Measurement of relative permeability in the laboratory and/or its prediction from models has become an increasingly important subject in reservoir modelling, as reservoir simulation has become the standard method for more accurate forecasting of production and ultimate recovery. However, as is often the case, when the history match in a reservoir simulator is unsatisfactory, the parameter which is most likely to be adjusted is the relative permeability. With developments in measurement and interpretation techniques it is now possible to obtain reliable relative permeability curves.

This paper examines current developments in relative permeability measurements from laboratory coreflood experiments, including developments in data reduction and the interpretation of results. It is apparent that classical analytical techniques, such as the Johnson, Bossler and Nauman (JBN) method, cannot describe the majority of unsteady-state displacements, yet are often inconsiderately applied. Valid relative permeability data is only possible if the analytical or numerical model allows for capillarity, viscous instability, wettability and permeability heterogeneity, and can be tuned by carefully measured pressure, flow, and saturation data, and, if possible, non-invasive saturation monitoring.

The use of upscaling techniques to bridge the gap between reservoir simulation models and geological scale models poses a great challenge on relative permeability measurements and predictions, at small scale (laminar) levels and for different rock facies.


Relative permeability is used to describe multiphase flow in a porous medium. Such data are important input to many reservoir engineering calculations, providing a basic description of the way in which the phases will move in the reservoir. Definition of the flow process can have a significant effect on the predicted hydrocarbon production rate and duration, and is important in calculating the volume of recoverable hydrocarbon reserves.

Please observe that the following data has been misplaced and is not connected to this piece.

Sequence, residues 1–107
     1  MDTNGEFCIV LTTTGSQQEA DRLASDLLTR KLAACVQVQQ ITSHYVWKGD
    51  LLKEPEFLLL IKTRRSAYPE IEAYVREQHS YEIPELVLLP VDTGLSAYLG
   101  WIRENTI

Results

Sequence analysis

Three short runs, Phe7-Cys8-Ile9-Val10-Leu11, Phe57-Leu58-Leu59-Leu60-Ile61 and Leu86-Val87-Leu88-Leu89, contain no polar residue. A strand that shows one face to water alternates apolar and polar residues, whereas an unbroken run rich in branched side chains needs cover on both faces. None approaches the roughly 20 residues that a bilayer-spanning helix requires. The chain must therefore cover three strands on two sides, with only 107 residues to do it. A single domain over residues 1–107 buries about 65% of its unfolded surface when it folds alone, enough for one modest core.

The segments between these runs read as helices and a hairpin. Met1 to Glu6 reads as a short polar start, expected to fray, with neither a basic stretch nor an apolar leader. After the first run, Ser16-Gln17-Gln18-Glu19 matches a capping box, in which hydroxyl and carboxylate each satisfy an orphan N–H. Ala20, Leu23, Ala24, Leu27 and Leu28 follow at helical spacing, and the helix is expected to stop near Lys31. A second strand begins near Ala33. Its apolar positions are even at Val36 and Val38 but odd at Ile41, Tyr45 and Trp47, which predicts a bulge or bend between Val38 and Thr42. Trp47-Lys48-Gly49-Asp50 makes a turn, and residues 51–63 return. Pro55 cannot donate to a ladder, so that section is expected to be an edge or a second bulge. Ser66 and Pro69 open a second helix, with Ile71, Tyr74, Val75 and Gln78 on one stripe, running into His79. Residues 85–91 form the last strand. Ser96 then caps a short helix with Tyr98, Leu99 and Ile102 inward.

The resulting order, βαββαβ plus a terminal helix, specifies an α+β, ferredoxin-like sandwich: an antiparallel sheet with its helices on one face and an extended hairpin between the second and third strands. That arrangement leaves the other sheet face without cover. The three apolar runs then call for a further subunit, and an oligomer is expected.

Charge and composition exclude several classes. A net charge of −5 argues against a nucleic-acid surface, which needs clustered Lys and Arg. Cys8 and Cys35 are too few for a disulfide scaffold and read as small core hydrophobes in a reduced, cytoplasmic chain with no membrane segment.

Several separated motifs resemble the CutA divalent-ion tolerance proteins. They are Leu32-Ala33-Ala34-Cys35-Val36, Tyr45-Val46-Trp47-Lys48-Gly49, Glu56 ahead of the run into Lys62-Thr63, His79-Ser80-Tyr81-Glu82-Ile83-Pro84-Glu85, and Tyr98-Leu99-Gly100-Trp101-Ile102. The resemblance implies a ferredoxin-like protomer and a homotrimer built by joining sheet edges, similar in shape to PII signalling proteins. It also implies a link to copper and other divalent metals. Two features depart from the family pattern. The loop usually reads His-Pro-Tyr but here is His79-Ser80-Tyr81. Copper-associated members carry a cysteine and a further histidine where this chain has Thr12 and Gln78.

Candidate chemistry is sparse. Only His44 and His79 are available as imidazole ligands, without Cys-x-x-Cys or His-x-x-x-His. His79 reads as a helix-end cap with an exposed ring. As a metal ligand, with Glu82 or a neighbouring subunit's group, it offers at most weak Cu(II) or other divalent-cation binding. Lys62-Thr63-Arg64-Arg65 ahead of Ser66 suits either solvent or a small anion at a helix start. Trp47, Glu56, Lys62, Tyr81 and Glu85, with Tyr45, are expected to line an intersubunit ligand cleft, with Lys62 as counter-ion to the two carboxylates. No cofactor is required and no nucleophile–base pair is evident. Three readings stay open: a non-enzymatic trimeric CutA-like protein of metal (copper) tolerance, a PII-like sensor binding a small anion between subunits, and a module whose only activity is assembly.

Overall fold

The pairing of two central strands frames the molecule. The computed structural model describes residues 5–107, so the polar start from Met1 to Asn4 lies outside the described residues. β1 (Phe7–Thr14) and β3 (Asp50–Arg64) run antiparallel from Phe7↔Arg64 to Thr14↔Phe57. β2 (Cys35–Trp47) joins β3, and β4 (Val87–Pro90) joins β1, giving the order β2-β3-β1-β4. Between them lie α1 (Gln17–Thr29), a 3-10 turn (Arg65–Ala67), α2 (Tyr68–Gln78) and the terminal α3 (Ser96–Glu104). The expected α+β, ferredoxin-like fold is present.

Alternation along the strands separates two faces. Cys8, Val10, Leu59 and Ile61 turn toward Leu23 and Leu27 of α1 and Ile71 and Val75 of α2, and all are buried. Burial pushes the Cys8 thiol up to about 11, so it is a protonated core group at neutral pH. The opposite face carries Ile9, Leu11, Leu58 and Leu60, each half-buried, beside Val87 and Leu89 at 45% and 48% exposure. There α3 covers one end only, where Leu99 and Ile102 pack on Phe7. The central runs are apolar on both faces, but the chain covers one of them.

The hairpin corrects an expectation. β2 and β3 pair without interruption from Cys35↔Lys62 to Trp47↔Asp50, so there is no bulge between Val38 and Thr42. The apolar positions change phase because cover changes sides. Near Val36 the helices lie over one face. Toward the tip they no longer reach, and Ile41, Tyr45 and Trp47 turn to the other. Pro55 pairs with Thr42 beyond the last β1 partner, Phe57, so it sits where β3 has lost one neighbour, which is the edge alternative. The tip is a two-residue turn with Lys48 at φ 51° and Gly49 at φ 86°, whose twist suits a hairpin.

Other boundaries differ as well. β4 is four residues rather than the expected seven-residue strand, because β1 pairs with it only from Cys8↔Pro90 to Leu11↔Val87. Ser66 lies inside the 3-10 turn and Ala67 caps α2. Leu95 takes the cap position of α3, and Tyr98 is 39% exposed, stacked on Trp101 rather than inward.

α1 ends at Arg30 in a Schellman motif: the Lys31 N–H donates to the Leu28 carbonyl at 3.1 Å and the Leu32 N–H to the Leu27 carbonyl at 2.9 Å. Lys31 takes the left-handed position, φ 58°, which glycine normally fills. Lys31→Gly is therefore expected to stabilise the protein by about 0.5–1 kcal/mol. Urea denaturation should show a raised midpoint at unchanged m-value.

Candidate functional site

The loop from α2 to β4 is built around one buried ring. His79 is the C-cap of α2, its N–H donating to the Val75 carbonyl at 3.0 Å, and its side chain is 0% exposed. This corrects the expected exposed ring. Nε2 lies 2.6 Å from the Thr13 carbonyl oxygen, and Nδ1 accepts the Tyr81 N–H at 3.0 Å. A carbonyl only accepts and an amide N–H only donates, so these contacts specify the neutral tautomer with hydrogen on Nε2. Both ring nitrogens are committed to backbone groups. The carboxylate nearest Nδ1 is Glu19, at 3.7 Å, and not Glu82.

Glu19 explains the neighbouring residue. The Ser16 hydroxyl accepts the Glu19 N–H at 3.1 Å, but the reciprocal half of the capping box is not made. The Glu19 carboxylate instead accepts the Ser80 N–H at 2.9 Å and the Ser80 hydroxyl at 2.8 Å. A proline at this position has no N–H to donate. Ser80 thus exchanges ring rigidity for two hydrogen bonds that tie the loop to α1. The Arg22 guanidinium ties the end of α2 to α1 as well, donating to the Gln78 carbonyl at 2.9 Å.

Although ways to determine relative permeability from measurements made in the field have been proposed, they are fraught with problems and have never been regularly used. The most common method for determining relative permeability has been laboratory special core analysis. Laboratory measurement of representative relative permeability data on a reservoir core-fluid system is a complex task. The experiments are costly and time consuming. Accuracy is limited to the specific core samples and is bounded by narrow saturation limits. A fundamental theoretical approach to modelling multiphase fluid flow in porous rocks is prevented by the complex nature of the problem. Major difficulties arise in mathematically describing flow through a porous system where the lengths, diameters and connectivity of channels are largely unquantifiable, and the complex nature of the hydrocarbon fluids which range from heavy oils to gas condensates with complex thermodynamic behaviours.

The extension of Darcy's law to multiple phase flow is, in fact, a heuristic procedure suggested by the analogy with single phase flow. It does not provide an understanding of the physics of multiple phase flow. However, as the law has been substantiated by experiments, it must be assumed that it is at least partly correct and a physical understanding of it has to be sought.

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